The University of Rhode Island, CELS News: Reinventing College Teaching
Biological Science and Kinesiology Assistant Professor, Kimberly Fournier has a passion for anatomy and biomechanics. To instill that same passion in her students, she’s revamping traditional teaching strategies to boost student learning.
Through her human anatomy course, she’s implementing new testing and teaching methods as part of a university-wide initiative to improve student performance in gateway courses.
“It’s a high enrollment class, required for most allied health programs,” Fournier says. “But students weren’t being successful from semester to semester.”
According to Fournier, this is a nationwide trend at universities with large, prerequisite classes. In fact, she said the drop, failure, and withdrawal rates in many of these courses, especially those in the sciences, can be quite high. Fournier and other professors around the country are trying to change all that by joining the Gateway to Completion (G2C) initiative. This initiative, supported by the Gardner Institute, is designed to help professors improve learning and retention in high-risk and high-enrollment classes.
“It’s about changing how these courses are taught so they better resonate with students,” explains Fournier. “Most of my students want to go into an allied health field and they hate anatomy because they are terrified of this class. We have to fix that; we have to do something.”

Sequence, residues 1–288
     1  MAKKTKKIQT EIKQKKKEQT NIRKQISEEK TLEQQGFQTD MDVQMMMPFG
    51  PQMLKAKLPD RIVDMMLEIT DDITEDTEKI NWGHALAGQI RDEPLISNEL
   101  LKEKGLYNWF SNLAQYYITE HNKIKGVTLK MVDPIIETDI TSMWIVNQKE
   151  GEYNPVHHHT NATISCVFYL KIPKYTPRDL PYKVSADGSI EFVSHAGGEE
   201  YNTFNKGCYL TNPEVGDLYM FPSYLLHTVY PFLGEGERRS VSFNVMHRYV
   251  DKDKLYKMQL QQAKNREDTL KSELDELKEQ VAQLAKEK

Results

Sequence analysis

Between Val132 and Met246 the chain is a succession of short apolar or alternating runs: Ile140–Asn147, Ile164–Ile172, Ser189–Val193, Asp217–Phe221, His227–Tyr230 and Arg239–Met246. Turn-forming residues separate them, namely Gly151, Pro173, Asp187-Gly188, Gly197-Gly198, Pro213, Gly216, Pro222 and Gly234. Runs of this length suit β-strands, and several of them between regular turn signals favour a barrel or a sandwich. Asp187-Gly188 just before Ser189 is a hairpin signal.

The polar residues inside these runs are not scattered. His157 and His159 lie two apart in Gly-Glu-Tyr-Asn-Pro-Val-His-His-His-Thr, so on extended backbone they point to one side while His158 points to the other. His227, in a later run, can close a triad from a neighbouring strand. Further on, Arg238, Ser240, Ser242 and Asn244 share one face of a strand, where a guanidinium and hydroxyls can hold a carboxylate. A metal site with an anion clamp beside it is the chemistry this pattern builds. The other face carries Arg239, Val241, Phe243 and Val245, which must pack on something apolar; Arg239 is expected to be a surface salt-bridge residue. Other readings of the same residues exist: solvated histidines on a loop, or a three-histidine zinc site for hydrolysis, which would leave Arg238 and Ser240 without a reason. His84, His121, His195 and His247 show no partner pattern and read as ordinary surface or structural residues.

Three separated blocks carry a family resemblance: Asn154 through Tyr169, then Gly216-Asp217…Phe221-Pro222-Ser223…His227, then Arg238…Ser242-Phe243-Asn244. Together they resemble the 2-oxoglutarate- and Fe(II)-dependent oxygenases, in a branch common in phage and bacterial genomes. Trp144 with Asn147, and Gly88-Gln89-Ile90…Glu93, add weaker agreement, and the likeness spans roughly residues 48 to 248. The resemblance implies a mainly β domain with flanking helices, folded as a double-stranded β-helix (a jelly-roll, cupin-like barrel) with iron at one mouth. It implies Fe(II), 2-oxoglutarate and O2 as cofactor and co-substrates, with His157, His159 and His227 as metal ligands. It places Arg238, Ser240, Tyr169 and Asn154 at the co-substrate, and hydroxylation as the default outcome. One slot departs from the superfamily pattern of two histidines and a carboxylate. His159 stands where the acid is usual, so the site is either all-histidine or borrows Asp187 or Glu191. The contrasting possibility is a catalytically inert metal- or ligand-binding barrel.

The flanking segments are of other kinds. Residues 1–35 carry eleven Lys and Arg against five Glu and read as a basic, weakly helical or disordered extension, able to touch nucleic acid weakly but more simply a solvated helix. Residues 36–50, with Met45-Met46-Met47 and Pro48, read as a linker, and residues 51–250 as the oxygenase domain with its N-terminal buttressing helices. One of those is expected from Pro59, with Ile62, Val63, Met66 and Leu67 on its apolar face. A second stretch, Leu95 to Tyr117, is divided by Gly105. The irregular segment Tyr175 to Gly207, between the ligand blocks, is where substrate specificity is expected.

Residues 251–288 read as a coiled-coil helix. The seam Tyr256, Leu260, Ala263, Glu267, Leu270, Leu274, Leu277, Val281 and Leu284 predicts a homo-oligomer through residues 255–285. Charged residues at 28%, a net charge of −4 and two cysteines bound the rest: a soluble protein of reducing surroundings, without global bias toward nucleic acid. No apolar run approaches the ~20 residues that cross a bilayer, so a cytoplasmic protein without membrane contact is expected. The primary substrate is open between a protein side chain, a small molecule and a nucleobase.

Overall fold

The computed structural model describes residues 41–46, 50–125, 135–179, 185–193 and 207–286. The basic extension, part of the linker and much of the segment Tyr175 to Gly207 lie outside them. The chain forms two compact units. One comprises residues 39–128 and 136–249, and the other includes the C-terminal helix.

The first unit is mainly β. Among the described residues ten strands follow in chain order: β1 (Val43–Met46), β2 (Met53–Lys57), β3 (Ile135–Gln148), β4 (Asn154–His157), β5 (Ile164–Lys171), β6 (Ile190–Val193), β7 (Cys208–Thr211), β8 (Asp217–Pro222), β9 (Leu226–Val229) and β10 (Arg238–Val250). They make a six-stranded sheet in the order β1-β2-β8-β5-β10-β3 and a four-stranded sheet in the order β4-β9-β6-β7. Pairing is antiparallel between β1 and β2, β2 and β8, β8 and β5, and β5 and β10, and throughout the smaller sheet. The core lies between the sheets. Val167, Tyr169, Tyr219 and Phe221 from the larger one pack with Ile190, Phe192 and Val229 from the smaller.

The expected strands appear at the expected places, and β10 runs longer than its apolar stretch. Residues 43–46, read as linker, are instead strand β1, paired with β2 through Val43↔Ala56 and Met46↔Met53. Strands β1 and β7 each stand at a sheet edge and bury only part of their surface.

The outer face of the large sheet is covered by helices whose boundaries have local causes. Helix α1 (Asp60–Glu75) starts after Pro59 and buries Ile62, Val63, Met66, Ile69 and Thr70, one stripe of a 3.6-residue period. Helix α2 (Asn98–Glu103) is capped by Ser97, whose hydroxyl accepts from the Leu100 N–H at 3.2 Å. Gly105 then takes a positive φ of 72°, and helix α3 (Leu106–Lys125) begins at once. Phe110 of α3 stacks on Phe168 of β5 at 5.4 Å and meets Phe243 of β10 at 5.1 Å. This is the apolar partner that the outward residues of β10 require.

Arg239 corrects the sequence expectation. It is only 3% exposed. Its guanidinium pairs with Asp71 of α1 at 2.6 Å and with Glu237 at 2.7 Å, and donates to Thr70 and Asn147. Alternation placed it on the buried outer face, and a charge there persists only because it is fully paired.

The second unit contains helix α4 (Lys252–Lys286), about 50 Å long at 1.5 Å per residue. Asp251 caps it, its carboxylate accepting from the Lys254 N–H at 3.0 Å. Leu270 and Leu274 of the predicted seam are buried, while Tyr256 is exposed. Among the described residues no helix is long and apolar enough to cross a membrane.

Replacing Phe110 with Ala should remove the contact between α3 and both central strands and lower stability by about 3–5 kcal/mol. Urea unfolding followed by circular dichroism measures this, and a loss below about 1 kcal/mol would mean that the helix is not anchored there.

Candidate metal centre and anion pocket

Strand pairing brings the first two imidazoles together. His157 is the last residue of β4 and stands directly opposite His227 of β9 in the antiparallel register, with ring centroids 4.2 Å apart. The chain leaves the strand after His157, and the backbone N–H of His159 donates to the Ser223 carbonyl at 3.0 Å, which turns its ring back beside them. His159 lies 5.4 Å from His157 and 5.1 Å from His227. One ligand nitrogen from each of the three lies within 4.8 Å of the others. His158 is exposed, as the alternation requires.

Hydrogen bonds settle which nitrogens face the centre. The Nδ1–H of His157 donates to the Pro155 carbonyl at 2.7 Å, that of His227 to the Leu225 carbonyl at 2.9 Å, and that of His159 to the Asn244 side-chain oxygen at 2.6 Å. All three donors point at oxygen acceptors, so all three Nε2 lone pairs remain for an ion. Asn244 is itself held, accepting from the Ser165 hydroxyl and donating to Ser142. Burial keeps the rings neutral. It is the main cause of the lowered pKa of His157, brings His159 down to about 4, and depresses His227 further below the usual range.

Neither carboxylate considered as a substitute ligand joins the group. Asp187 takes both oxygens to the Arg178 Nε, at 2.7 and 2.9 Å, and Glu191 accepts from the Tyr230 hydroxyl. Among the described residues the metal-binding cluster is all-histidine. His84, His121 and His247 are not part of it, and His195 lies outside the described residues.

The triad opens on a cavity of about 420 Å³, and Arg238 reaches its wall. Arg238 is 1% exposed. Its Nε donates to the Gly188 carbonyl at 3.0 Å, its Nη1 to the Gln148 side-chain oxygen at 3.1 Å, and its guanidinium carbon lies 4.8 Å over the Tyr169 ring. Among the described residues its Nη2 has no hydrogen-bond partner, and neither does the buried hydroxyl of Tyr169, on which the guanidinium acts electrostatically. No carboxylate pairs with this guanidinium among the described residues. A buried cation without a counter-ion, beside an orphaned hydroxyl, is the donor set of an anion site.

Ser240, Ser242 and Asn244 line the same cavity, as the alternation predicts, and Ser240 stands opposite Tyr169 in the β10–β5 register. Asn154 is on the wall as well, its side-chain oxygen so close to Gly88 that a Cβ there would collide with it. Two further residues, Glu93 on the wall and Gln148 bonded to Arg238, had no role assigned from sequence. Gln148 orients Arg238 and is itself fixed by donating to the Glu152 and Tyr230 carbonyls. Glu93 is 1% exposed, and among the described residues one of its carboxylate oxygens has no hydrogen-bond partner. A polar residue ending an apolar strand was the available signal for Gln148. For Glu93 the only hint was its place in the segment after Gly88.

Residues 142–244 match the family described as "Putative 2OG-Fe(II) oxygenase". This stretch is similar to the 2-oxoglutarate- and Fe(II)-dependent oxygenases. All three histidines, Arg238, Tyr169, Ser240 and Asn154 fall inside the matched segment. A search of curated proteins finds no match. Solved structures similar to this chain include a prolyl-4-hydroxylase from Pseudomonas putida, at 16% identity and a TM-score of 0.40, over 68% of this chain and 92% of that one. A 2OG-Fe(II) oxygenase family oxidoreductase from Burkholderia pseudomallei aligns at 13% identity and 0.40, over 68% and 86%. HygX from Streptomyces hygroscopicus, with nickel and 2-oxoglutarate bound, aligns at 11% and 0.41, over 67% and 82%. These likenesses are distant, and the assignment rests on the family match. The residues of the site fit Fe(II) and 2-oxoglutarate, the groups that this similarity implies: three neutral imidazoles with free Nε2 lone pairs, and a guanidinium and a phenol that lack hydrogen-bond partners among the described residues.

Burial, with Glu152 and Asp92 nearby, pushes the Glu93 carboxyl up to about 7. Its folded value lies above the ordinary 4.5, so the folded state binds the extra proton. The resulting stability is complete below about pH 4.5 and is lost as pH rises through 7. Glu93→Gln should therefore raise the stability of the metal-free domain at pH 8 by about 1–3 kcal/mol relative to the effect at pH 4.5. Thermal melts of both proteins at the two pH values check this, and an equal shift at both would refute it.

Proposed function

Now in its second year, the G2C initiative is implementing changes in five courses at each of 13 participating universities. Human Anatomy, overseen by Fournier, is one of the participating courses at the University of Rhode Island. Both sections of the course, each with 250 students, are being modified by Fournier and Lecturer Jason Ramsay.
Last summer, Fournier identified strategies for course improvement through the G2C review process. One of the highest priority goals was to reduce student test anxiety. That’s why Fournier, in conjunction with Joshua Caulkins, the Liaison for the G2C process at URI, is implementing two new education methods: a flipped classroom method, which encourages students to learn the basic material outside of class and practice material applications during class, and two-stage testing, which turns portions of tests into group activities.
In the case of the flipped classroom method, Fournier says students become responsible for initiating the learning process. They do reading or other basic activities before class. Then, homework-like lessons during class help to solidify critical thinking and material interpretation.
“It turns the classroom into a place of active learning instead of passive learning,” Fournier says.
Fournier plans to apply the flipped classroom concept to the hardest sections of her anatomy class later in the semester.
In Fournier’s implementation of two-stage testing, each of her students completes an individual exam worth 85 percent of her total exam grade. Then students move into pre-defined groups of approximately four students and fill out a group test. The group test is a subset of the individual exam questions. The grade on the group exam is worth the remaining 15 percent of each student’s grade. This method has been proven and pioneered by the University of British Columbia, Canada, and has shown to measurably decrease test anxiety. Additionally, it provides students with immediate test feedback and results in higher student achievement.
“It’s turned test taking into a learning exercise,” Fournier says.
In April, Fournier will share data from her teaching modifications at a G2C conference. She hopes these efforts will help to positively shape the future of our nation’s college-level teaching.